So why is this program being offered? With it costing about one-fifth of what a trial costs, money is certainly a part of it. But the bigger reason is the hope of preventing future DWIs. Melissa Munoz, with the district attorney's office and the one in charge of the program, probably said it best when she said:

We are trying to get people who are in need of assistance and need help with their alcohol and their drug abuse problems. .... we're taking as many measures as we can to make sure that [they] .... get the help that they need.
In other words, the hope is that if we can help people get the treatment they need early on, there will be fewer DWIs down the road. And that's a goal that's worth working toward

Friday, May 10, 2013

As Summer Arrives, DWI Cases Will Follow

I'm looking at the calendar for June and can't help shaking my head. I know what's coming. Not only will we have hotter weather with the beginning of summer, but there are some huge special events scheduled for the Houston area that will almost certainly bring a lot more DWI arrests.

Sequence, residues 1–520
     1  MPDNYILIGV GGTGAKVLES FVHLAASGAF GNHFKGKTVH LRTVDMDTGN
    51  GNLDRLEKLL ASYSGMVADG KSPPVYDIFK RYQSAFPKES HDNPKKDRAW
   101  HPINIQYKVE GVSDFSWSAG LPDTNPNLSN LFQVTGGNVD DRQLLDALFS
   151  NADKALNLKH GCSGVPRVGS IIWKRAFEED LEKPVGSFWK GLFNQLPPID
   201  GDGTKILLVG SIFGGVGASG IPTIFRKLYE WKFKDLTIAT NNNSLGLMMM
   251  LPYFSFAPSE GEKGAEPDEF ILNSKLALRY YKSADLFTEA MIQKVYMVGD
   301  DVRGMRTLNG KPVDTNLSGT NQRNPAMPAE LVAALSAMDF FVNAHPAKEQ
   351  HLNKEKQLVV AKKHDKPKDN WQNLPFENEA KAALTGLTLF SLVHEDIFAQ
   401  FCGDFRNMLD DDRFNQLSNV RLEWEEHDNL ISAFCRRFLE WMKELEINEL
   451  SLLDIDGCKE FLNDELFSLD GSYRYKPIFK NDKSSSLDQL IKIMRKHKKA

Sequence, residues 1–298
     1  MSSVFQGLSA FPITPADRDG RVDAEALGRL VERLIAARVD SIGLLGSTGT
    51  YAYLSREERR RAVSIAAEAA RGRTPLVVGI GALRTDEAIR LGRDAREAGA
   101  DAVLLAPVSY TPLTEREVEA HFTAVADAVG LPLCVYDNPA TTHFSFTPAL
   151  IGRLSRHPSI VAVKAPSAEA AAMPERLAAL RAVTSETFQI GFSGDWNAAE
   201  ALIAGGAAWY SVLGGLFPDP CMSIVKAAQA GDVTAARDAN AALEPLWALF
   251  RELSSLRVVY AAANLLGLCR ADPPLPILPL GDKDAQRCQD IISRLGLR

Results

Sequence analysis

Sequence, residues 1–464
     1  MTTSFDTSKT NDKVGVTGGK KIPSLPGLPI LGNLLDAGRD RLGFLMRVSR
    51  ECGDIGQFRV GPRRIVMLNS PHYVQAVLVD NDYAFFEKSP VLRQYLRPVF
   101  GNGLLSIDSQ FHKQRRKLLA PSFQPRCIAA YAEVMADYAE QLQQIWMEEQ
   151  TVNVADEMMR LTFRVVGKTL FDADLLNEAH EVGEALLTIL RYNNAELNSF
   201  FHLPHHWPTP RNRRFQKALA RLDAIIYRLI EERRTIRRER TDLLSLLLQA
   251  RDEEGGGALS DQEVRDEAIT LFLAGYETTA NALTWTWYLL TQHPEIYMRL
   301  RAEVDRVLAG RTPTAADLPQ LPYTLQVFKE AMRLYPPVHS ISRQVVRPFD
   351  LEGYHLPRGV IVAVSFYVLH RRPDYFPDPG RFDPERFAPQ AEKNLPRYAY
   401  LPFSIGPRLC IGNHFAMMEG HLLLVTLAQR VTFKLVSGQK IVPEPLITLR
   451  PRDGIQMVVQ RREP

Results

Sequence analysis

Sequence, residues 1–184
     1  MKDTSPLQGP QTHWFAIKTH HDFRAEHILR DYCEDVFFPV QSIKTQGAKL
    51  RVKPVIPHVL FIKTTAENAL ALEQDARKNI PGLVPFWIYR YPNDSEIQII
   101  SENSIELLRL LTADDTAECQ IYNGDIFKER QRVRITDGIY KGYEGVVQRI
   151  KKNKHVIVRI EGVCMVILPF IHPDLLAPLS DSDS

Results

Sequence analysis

To get things going, of course, there's Memorial Day weekend. While Memorial Day itself is observed on Monday, May 27, lots of activities are happening during the weekend:
  • The Astros are playing the Colorado Rockies at Minute Maid Park.
  • Soccer lovers have Memorial Day Cup Houston 2013 on Saturday and Sunday.
  • And the Memorial Weekend Music Festival will fill the Reliant Arena.

That's naming just a few events, but they all have one thing in common: a lot of sports fans and music lovers will quench their thirst with a few icy beers — and then some of them will get behind the wheel and drive home.

Let's look ahead to June:
  • The Caribbean Heritage Month Festival occurs the first Saturday of the month on June 1 — native music, cultural dancing, and authentic foods — a good time for lots of people.